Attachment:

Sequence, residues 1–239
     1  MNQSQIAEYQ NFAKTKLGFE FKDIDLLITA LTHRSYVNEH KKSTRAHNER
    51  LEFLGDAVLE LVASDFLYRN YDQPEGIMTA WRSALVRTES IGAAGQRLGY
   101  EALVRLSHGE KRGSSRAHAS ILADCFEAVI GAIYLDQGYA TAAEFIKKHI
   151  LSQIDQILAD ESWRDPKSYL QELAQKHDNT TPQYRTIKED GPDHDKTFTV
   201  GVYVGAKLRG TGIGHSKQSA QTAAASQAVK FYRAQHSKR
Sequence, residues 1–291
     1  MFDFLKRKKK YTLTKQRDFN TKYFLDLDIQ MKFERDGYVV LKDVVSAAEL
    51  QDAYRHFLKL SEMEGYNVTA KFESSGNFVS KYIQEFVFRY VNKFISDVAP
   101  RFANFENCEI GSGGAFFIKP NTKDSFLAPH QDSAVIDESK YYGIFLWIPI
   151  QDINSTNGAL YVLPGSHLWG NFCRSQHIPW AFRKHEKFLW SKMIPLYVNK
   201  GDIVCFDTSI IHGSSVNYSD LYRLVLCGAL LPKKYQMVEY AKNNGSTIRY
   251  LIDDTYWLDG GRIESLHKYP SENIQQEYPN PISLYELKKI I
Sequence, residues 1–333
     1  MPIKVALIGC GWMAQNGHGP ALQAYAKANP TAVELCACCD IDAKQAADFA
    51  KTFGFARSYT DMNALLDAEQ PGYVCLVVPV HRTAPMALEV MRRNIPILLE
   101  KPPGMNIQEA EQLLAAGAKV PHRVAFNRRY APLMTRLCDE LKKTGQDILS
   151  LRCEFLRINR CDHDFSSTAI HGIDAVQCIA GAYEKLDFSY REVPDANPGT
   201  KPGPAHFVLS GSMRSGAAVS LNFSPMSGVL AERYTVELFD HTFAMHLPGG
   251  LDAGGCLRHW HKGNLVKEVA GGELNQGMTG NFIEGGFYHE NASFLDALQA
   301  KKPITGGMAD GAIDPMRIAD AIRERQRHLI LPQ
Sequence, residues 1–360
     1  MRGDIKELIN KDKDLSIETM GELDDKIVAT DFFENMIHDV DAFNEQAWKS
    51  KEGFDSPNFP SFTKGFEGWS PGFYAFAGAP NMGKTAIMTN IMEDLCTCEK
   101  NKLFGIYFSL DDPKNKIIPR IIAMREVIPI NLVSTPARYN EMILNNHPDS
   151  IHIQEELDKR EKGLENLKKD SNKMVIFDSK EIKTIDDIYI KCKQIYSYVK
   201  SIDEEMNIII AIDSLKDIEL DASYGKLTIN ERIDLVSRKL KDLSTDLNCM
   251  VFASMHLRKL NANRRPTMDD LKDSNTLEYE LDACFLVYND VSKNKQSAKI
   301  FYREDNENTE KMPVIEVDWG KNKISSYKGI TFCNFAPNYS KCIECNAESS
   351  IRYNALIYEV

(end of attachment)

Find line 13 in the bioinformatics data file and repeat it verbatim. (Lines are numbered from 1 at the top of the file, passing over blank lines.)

   251  LIDDTYWLDG GRIESLHKYP SENIQQEYPN PISLYELKKI I